Anthropology From A Chief

I lost a load of drip irrigation off the motorcycle while in the bush today. One of the cords holding the load on the back of my Motorcycle broke, and the drip irrigation supplies spilled all over the trail.  I had ten drip irrigation garden kits strapped on my bike and another ten filter units on my friend’s motorcycle.

We quickly collected the irrigation supplies strewed across the trail,and securely reattached it to my  motorcycle.  Since we were stopped anyway, we took advantage of walking out into the old dried up millet field, to a huge wooden, fenced-in enclosure in the middle of nowhere. I was wondering what it was, so my friend S. suggested we walk out to it and find out what it is. We walked the 200 meters across the rock hard furrows to the enclosure.  A man was exiting  just as we arrived.

Little chicks are under the woven baskets to protect them from hawks and other predatory birds.

Turns out it that this wooden wall structure is his chicken pen.  There were only a few chicks and a rooster in there at this time, but he will be adding more chicks in a few more days, he said,  and they will grow to maturity, and for sale.

The chicken houses, for shade. Made of grass thatches.

I asked the man if he was afraid people might steal the chickens, considering they are kind of out in the middle of nowhere. He said that theft is not a problem around that area, at least not yet.

We introduced ourselves, and it turns out that he, Allison Traoure, is the Chief of a nearby Senoufo village I often drive through. I commented that he was very young to be a chief. Turns out that A. Traoure is only forty six years old, and has been chief for twenty years already, since he was twenty six years of age.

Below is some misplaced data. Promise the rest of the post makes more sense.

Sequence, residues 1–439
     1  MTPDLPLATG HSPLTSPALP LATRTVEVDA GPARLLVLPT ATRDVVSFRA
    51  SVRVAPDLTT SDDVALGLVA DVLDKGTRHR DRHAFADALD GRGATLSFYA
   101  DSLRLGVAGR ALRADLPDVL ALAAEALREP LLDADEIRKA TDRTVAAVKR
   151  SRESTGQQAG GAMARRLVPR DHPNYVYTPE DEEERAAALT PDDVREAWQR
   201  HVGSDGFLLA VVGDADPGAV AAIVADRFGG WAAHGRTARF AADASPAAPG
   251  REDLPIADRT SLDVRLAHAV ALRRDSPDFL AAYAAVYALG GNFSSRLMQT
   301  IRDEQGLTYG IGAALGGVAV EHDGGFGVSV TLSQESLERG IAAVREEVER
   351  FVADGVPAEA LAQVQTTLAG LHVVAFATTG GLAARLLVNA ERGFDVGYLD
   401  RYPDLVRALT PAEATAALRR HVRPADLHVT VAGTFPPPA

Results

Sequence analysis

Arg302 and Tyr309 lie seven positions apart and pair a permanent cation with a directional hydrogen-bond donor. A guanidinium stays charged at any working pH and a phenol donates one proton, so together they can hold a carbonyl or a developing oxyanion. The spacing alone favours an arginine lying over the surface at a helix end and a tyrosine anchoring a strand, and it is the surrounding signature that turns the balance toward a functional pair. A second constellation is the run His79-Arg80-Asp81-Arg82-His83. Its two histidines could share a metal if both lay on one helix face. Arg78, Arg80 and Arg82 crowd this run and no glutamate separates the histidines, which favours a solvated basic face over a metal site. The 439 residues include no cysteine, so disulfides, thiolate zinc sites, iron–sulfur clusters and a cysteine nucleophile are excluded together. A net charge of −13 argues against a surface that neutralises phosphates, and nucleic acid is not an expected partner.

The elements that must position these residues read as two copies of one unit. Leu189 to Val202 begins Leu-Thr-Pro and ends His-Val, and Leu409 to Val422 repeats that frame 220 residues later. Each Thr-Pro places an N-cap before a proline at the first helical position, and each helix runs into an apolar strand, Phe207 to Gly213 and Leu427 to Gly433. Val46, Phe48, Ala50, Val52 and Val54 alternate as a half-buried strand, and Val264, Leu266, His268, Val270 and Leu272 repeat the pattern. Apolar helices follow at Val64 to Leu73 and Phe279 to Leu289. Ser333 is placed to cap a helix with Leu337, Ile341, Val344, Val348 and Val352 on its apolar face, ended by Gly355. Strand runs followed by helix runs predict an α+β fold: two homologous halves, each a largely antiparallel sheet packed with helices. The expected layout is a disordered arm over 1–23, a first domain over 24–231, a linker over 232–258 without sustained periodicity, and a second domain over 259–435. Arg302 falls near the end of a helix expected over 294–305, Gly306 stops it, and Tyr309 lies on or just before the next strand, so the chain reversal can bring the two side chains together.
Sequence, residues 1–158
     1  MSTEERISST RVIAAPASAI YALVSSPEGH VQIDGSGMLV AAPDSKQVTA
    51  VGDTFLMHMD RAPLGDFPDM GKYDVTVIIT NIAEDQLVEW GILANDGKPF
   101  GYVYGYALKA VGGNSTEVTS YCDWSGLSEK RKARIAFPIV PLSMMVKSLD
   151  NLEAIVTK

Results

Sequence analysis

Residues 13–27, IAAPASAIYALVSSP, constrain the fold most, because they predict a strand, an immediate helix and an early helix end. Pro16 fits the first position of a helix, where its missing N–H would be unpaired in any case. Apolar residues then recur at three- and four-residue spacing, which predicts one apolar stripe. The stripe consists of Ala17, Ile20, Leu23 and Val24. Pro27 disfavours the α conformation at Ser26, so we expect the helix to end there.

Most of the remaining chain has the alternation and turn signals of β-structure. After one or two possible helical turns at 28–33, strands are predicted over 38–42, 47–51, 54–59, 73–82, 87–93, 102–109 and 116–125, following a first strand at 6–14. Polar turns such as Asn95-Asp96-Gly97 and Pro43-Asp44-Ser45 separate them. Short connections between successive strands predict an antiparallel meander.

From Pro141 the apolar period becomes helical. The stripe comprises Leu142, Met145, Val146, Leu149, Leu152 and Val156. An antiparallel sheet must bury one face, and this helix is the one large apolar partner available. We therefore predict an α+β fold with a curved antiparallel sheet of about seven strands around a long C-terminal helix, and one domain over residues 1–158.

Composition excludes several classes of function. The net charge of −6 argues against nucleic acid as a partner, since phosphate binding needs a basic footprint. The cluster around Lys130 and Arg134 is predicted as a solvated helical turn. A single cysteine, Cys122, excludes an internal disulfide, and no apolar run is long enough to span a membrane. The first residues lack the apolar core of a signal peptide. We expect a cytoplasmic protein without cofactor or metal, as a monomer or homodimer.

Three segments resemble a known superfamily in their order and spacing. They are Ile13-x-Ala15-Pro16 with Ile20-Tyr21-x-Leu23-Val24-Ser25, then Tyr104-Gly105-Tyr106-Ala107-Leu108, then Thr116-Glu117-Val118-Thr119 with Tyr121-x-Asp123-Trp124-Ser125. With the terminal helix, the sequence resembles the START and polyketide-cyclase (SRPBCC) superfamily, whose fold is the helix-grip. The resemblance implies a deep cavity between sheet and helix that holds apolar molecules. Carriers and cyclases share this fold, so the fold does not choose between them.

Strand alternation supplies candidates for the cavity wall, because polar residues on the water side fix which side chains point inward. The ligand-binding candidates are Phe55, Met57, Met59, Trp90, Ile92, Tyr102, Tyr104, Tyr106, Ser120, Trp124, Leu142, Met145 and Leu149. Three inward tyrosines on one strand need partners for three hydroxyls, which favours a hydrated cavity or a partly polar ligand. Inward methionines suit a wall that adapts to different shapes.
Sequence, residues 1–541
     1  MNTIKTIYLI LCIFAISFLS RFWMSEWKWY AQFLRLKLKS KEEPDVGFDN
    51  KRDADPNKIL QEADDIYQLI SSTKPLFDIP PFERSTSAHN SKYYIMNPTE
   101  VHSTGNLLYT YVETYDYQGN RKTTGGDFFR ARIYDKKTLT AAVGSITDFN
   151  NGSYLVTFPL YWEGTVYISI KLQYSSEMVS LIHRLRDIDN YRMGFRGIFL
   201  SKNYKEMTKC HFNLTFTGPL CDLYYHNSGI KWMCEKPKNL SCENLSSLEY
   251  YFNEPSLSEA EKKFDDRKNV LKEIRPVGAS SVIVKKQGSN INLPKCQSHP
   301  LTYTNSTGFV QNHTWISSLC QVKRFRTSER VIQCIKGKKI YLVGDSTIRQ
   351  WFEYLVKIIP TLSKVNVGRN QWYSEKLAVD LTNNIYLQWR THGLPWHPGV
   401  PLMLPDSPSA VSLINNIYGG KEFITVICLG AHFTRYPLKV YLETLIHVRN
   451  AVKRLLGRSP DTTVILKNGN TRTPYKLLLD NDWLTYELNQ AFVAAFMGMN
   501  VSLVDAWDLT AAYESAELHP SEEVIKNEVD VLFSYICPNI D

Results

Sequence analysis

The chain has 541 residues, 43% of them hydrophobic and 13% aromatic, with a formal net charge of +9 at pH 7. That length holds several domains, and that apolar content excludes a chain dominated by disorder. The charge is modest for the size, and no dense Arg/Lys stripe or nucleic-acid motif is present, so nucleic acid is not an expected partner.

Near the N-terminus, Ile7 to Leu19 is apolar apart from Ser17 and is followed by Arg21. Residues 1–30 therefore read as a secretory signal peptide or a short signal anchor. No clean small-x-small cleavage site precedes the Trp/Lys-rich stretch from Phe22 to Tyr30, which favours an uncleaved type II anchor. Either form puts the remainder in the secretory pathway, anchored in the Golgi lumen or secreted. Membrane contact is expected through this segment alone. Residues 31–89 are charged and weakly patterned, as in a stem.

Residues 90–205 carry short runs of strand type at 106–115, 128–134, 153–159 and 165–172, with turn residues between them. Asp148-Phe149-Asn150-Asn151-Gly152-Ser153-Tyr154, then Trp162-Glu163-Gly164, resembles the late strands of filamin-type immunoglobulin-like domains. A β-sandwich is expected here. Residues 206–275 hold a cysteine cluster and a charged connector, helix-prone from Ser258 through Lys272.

Chief Allison Traoure. Senoufo Village. Became chief at the age of 26, he is now 46 years old.

He shared this with us:

“Leadership is passed down only through a certain family line, and the age of the person next in line means nothing. Even if there are many other men older than me in the village, it makes no difference, because chiefs are chosen only from my family lineage. I became chief when I was twenty six years old, and it does not matter if the next person in my linage is only ten years old when I die, he will become chief. It is the way our custom works.”

I have been driving through Chief Traoure ‘s village for the last three months, so it was kind of providential that the one man I meet in the bush from this village, just so happens to be the chief.

I took a few pictures of him, and his awesome bush built chicken coop. I told him that this serious work indicates to me that he is a man who has vision for the future, when many men do not think of the future at all.

As a gift, my friend S. gave the Chief a Micro SD memory card for his phone that contains audio files and a few videos. It is a real treat for him to have something to listen to and watch on his simple Chinese cellphone in the bush.

We said our goodbyes and we went on our way.

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